some sense possible.
Well it simply means that some results are defined
instead of undefined.
for example if we're using natural number algebra,
there is no solution to x+2 = 1. x doesn't exist in
this algebra.
if we're using real number algebra, there is no
sqrt(1), it doesn't exist and is usually exressed as
undefined (or error on a calculator).
if we're using singlevalued algebra then 0/0 is
undefined / doesn't exist.
if we're using multivalued algebra then 0/0 is the
set of all numbers, +sqrt(4) is {2,2} etc.
so whereas a uniform random distribution over all
the integers in singlevalued algebra has undefined
mean (and so its interpreted that this distribution
can't exist),
There are perfectly fine probability distributions
that definitely
exist and yet do not have a defined mean or variance.
One simple
example is the discrete distribution P(x) = 1/x,
where x = 2, 4, 8, 16,
... So I think your "so" doesn't follow.
in multivalued algebra the mean is the set of all
numbers.
Also the variance is infinite and the probability
at any number is 0.
Its probably not a very helpful to use these values
directly, but all attempts to make use of this
infinite distribution should be replaced with
attempts to use the convergence of a finite uniform
distribution as its size approaches infinity. This is
true of all infinities... they are short hand for
'what you converge on as you approach infinity'. If
you converge on different numbers when you approach
in different ways then the value at infinity is
multivalued (like the mean of this uniform
distribution).
Anyway, I should say that this is my
interpretation, and not necessarily a classical view
of things.. so I'm speaking somewhat out of the box I
think.. but hopefully it makes sense.
Not really, not to me anyway. You say "the
probability at any number is
0", but I confess I don't see how the distribution
P(n) = 0, for n
integer, is in any sense a uniform distribution over
all integers.
But good luck anyway!

Well thanks, we'll agree to disagree..
perhaps its quite a philosophical point of contention anyway. 

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Math1723 science forum beginner
Joined: 17 Dec 2005
Posts: 13

Posted: Wed Jul 12, 2006 11:52 am Post subject:
Re: random selections of integers from the infinite set of all integers



Jonathan Hoyle wrote:
Quote:  It is a theorem of mathematics that you cannot assign a pdf to a
countably infinite set such that each element of the set is
equiprobable.

Not without dropping Countable Addivity.
You can in theory do it by dropping Countable Addivity, but then you
are not left with much. For any finite subset X, we know Prob(X) = 0,
but for infinite X, P(X) is not defined. I suppose you can create a
nonprinciple ultrafilter on N so that "large" sets X have P(X) = 1 and
all other sets havce P(X) = 0, but this would be ad hoc and is a major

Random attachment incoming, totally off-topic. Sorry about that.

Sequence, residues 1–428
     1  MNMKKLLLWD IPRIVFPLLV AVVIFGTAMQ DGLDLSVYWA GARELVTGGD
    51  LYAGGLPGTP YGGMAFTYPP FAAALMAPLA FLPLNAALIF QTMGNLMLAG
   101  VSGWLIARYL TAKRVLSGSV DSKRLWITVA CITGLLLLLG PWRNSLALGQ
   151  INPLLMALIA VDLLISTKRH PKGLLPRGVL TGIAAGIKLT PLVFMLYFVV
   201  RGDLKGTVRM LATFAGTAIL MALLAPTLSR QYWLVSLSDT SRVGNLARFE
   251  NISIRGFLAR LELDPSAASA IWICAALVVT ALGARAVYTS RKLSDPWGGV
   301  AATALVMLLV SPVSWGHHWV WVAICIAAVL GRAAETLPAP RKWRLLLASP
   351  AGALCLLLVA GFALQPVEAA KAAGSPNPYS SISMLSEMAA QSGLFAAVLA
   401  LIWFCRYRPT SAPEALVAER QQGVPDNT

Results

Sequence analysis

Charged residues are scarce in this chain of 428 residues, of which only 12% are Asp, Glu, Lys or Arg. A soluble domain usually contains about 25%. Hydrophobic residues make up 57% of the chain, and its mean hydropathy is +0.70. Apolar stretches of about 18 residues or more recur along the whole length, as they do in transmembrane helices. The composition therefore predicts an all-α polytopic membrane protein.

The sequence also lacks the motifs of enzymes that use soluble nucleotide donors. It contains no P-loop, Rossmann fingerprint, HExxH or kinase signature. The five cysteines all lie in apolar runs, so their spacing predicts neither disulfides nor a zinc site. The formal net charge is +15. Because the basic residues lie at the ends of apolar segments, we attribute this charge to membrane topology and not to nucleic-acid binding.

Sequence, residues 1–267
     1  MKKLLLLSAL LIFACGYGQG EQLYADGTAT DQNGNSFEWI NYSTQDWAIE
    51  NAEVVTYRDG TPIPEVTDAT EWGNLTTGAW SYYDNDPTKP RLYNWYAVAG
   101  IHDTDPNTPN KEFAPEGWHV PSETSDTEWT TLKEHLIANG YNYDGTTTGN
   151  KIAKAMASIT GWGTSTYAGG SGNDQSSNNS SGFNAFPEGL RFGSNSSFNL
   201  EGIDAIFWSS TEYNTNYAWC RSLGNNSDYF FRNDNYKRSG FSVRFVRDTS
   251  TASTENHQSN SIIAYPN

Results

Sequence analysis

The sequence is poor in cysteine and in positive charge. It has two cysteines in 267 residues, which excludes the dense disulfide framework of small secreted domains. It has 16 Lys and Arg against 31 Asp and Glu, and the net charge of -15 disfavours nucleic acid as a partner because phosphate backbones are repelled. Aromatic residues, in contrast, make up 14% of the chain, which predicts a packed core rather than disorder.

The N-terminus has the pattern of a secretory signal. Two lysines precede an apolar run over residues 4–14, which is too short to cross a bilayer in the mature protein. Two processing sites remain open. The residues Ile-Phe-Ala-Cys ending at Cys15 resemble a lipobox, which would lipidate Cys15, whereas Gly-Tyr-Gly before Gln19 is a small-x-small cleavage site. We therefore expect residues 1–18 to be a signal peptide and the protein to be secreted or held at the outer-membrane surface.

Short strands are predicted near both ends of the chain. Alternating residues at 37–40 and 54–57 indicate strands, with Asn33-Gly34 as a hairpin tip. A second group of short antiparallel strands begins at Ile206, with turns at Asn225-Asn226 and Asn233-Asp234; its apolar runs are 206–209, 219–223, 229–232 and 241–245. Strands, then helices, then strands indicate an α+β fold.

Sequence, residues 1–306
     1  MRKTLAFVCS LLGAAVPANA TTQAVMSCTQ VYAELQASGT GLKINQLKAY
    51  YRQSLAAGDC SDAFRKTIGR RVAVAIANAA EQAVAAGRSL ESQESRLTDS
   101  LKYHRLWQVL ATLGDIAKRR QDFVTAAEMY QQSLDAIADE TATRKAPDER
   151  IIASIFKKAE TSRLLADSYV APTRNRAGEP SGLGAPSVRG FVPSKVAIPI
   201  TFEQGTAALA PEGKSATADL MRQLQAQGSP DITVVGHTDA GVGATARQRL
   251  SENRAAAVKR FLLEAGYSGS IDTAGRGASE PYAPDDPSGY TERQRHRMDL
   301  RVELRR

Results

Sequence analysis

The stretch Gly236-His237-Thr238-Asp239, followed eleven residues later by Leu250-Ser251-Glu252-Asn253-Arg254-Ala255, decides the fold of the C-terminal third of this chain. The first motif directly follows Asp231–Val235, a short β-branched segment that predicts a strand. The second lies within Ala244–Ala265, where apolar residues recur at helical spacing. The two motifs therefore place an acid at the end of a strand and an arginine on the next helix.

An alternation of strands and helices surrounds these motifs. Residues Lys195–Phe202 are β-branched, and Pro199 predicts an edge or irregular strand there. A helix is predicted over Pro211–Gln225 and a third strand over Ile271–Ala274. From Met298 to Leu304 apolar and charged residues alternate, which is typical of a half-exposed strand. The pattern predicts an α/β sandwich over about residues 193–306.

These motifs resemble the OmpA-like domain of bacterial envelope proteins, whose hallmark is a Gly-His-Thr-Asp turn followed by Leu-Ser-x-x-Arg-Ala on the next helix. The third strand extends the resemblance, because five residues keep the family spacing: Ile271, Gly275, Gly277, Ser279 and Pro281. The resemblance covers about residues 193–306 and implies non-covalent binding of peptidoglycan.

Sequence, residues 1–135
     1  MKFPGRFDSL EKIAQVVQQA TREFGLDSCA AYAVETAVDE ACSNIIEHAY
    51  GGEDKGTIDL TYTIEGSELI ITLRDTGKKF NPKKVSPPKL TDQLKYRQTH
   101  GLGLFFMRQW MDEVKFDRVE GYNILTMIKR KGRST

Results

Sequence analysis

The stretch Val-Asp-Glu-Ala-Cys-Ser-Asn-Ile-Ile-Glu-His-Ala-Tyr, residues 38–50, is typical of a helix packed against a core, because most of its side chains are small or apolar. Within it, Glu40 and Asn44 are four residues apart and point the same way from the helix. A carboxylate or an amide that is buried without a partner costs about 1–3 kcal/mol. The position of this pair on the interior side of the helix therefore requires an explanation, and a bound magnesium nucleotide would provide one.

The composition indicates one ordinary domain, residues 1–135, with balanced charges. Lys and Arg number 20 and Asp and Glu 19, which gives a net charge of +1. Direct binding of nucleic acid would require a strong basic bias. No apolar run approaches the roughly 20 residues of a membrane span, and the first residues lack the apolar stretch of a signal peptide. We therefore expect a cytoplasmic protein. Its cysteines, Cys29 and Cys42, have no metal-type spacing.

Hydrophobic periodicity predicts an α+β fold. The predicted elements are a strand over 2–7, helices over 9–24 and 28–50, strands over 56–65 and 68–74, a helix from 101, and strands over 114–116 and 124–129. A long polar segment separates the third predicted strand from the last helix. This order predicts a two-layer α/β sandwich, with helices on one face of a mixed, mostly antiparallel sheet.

departure from standard Probability Theory. It is also not within the
spirit of the original problem. 

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Tom111 science forum Guru Wannabe
Joined: 21 Jan 2006
Posts: 173

Posted: Wed Jul 12, 2006 1:50 pm Post subject:
Re: random selections of integers from the infinite set of all integers



Quote:  Jonathan Hoyle wrote:
It is a theorem of mathematics that you cannot
assign a pdf to a
countably infinite set such that each element of
the set is
equiprobable.
Not without dropping Countable Addivity.
You can in theory do it by dropping Countable
Addivity, but then you
are not left with much. For any finite subset X, we
know Prob(X) = 0,
but for infinite X, P(X) is not defined. I suppose
you can create a
nonprinciple ultrafilter on N so that "large" sets X
have P(X) = 1 and
all other sets havce P(X) = 0, but this would be ad
hoc and is a major
departure from standard Probability Theory. It is
also not within the
spirit of the original problem.

Infinities are outside real numbers, so when we talk of a property at infinity, this is short hand for 'the convergence of the property as we approach infinity'.
Now lets say (hypothetically) that we could pick from a uniform distribution over all integers.
For each value we pick (x), lets inverse it (1/x) and plot a distribution of these values.
the exact (infinitely precise) distribution you get is a twofold convergence... firstly we see what the distribution converges to for more and more sample points on a finite uniform distribution. Secondly we see what this converges to as the finite distribution gets larger (approaches a distribution over all the integers).
Plotting these graphically we see that as the number of samples>infinity and the width of the uniform distribution>infinity, we approach a discrete (spike) distribition of P(0) = 1.
The point of this rather involved example is that we've used a uniform distribution over all the integers in a calculation to get a useful result (in this case the distribution of the inverse of uniformly chosen integers).
The general point being that you can use this infinite uniform distributions in calculations to get definite answers to questions. Which is what the original poster was after.
Thought of the day: no infinites exist, but if you can measure what is converged towards as you approach them, then you can pretend they exist.